I created a meeting place for designers, journalists, writers, and car collectors, where they can exchange ideas. Good ideas don’t always develop and sometimes they can fail for many reasons. My intention was not to make a simple restaurant, but to create a place inspired by the literary cafés of the 18th century, where culture was more important than food. I fell in love with the project, but I was probably too young and too lonely to let it develop and come to fruition. To this day, the project is remembered as a shining example of aggregation, and that’s good enough for me. Perhaps one day, when I’m older, I’ll try again, learning from the mistakes I made.

The relaunch of the Alfa 4C was a godsend for purists. Why did this project remain a dead letter?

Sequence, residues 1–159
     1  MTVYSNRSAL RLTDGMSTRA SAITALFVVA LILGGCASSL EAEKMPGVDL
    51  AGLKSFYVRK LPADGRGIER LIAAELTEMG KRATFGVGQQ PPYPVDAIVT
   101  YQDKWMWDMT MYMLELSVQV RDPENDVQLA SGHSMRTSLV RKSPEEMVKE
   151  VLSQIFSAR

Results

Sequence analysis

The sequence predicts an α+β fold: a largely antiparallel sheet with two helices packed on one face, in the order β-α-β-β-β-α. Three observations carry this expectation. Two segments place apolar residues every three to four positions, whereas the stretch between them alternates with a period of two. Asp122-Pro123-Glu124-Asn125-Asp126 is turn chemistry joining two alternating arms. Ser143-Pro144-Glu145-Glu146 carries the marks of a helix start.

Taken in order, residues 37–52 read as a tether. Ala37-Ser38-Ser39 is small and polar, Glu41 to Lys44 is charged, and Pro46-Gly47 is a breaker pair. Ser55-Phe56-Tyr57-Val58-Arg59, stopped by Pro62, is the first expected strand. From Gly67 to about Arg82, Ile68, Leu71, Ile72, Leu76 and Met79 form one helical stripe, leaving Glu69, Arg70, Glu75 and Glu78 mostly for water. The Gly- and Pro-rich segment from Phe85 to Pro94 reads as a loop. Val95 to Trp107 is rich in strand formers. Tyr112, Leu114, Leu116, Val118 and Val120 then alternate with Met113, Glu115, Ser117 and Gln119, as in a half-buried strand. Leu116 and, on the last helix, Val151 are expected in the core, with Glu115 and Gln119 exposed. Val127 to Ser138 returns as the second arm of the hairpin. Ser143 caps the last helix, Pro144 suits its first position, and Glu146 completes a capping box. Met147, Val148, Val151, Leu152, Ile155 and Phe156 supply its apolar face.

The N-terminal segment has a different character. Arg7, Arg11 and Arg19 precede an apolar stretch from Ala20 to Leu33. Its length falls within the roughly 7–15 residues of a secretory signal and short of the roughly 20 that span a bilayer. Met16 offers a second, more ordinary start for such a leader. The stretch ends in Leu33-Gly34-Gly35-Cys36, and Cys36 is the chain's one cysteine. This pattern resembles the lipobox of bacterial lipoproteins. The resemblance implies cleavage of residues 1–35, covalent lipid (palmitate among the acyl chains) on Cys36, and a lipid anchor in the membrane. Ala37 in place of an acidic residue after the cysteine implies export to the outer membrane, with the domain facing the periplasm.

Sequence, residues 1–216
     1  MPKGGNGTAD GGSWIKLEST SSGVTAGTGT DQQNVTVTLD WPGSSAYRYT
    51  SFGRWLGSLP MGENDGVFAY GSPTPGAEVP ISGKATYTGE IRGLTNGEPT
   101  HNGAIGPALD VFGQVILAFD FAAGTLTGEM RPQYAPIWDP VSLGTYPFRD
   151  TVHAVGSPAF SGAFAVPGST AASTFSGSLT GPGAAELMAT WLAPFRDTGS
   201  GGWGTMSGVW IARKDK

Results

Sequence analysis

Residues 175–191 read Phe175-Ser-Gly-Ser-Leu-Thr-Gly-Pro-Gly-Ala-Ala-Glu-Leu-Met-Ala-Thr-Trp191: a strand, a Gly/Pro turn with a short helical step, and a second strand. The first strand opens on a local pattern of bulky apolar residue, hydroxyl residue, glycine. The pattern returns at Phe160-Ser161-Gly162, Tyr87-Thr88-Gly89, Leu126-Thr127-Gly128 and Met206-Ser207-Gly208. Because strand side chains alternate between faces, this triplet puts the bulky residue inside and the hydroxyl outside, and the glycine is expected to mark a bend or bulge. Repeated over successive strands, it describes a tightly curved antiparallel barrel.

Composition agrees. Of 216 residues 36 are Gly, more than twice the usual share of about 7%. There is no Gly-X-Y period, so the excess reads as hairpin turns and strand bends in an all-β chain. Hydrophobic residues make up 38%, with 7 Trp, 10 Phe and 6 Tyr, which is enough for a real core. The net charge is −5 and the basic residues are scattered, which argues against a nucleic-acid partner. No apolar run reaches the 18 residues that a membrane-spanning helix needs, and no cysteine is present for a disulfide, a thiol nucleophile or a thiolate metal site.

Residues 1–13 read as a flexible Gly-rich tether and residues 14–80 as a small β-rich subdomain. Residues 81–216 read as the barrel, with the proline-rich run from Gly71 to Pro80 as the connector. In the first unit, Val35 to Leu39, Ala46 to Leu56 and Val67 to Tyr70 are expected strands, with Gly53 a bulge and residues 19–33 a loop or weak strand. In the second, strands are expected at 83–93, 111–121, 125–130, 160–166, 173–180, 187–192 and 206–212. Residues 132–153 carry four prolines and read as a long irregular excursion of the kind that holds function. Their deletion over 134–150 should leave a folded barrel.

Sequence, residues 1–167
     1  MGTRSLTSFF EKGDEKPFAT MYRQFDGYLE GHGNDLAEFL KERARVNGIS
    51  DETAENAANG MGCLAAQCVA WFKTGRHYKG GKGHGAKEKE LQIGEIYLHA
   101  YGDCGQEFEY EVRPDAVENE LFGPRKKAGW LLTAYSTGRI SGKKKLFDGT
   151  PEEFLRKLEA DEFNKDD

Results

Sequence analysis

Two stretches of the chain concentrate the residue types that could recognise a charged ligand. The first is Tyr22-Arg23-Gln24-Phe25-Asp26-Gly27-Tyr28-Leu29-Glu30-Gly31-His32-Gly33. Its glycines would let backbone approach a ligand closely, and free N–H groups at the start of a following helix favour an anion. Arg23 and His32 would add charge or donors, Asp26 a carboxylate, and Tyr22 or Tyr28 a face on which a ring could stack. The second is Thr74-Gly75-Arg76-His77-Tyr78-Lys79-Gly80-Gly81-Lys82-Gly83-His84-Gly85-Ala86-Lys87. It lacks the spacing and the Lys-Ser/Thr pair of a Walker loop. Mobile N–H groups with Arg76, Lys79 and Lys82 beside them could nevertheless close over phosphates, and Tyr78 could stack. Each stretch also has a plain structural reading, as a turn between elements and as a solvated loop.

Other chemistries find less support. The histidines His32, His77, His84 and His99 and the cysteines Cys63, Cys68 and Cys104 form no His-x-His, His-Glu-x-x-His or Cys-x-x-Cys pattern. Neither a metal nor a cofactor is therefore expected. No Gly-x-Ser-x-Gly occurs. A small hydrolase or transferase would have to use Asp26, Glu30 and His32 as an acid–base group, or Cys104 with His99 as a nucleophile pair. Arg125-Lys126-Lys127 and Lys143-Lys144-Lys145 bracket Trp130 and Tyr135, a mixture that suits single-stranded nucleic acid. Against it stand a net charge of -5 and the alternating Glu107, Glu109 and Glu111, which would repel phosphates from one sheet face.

After numerous show cars under the Mole Costruzione Artigianale brand, I asked FCA managers, who at the time were Marchionne and Altavilla, to give me the opportunity to create unique models and I was delighted to be given the opportunity to do so, in co-branding with FCA. I showed them my renderings and they liked them immediately, but above all, they created a great story to tell. The first unique piece was the Fiat 124 Mole Costruzione Artigianale, but in this case, it involved small modifications that nevertheless gave a different interpretation of the original. But the most important project was the Alfa Romeo 4c Mole Costruzione Artigianale. I had the opportunity to completely redesign it to my liking, I liked it straight away and they allowed me to build it, transforming it into a real Alfa Romeo by Umberto Palermo Design. It wasn’t a project for just one car, but we imagined building a hundred, but unfortunately, with the death of Marchionne and the departure of Altavilla, the project stopped at just one. Many people don’t know that the Almas Mole Costruzione Artigianale concept presented at Geneva 2019, together with the Alfa 4c Mole Cappello Artigianale, served as the basis for the creation of a new Alfa Romeo Mole Costruzione Artigianale sports car. We used the chassis of the 4c, modified to create a larger car to accommodate a 6-cylinder engine. Alongside these projects, others were not completed. In the future, I will publish four projects between Alfa Romeo and Maserati that have never been realized and which, I assure you, are breathtaking. Even though only one Alfa 4C Mole was produced, for me it was an important and unequalled achievement, because designing and producing an Alfa is like touching Paradise.